Rolling Stones remove controversial song, 'Brown Sugar,' from tour setlist
The Rolling Stones song 'Brown Sugar' has been criticized for years.
Written primarily by Mick Jagger, the tune is the opening track and lead single from the band's 1971 album, 'Sticky Fingers.'
Its lyrics bring listeners in with opening lines about enslaved Africans, violence against Black women, and as the song goes on, the words appear to encourage the sexualization of Black women.
Mick Jagger told the Los Angeles Times the Rolling Stones have decided to phase the song out of their concert lineups.
"We've played 'Brown Sugar' every night since 1970, so sometimes you think, 'We'll take that one out for now and see how it goes,'" he said. "We might put it back in."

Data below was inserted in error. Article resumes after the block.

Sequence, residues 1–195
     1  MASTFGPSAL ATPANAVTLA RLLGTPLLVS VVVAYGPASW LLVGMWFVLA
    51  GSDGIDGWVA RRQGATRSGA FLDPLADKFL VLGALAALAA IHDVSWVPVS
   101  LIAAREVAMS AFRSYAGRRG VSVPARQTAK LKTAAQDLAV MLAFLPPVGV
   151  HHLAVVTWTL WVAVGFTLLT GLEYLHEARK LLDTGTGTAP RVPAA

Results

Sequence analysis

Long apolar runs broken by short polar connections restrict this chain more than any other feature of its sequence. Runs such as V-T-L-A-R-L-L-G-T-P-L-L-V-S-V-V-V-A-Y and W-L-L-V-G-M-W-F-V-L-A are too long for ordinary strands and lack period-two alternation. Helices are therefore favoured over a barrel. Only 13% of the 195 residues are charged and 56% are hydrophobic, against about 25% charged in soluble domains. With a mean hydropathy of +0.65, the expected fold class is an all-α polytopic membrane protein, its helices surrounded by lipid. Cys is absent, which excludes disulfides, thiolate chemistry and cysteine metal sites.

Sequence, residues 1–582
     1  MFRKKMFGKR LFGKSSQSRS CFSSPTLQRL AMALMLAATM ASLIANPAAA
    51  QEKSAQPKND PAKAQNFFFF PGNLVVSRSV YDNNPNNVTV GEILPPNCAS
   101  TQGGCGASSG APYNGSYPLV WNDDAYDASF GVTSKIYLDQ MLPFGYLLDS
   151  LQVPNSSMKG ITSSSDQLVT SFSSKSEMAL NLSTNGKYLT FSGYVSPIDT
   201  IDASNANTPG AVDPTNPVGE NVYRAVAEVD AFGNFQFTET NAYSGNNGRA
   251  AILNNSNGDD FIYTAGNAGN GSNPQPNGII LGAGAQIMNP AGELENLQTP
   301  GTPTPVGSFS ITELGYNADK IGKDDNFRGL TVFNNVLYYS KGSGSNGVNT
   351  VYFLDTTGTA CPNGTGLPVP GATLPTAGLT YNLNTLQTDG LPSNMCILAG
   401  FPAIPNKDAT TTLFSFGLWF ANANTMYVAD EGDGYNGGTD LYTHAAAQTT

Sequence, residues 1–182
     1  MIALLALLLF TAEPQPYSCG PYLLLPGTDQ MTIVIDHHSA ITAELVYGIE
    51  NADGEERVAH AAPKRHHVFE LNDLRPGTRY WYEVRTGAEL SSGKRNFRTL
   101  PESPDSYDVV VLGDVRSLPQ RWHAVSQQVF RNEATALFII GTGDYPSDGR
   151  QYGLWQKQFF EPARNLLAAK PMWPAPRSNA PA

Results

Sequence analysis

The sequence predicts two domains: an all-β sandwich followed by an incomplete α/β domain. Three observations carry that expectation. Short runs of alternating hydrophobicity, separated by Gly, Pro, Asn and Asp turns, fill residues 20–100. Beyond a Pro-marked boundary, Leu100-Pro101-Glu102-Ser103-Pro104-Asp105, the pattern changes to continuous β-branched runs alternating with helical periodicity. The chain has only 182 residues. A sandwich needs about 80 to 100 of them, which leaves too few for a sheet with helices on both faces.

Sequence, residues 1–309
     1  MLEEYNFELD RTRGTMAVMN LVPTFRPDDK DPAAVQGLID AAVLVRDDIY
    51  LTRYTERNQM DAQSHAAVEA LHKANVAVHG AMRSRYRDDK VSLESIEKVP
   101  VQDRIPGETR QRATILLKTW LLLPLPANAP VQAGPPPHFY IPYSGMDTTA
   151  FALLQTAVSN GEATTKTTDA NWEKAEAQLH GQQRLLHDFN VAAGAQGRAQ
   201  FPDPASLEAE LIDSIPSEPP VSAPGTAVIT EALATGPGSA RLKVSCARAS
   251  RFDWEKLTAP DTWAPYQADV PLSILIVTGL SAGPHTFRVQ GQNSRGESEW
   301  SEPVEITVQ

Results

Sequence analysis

Keith Richards told the Times he didn't understand the controversy and hopes to resurrect some version of the song in the future.
"I'm trying to figure out with the sisters quite where the beef is. Didn't they understand this was a song about the horrors of slavery? But they're trying to bury it. At the moment I don't want to get into conflicts with all of this sh**," he said. "But I'm hoping that we'll be able to resurrect the babe in her glory somewhere along the track."
The song's lyrics make some uncomfortable as they feel its stereotypical undertones paint Black women in a negative light.
"I never would write that song now," Jagger told Rolling Stone in 1995. "I would probably censor myself."
The Rolling Stones are in the midst of their "No Filter Tour," with stops in North American cities scheduled through November.
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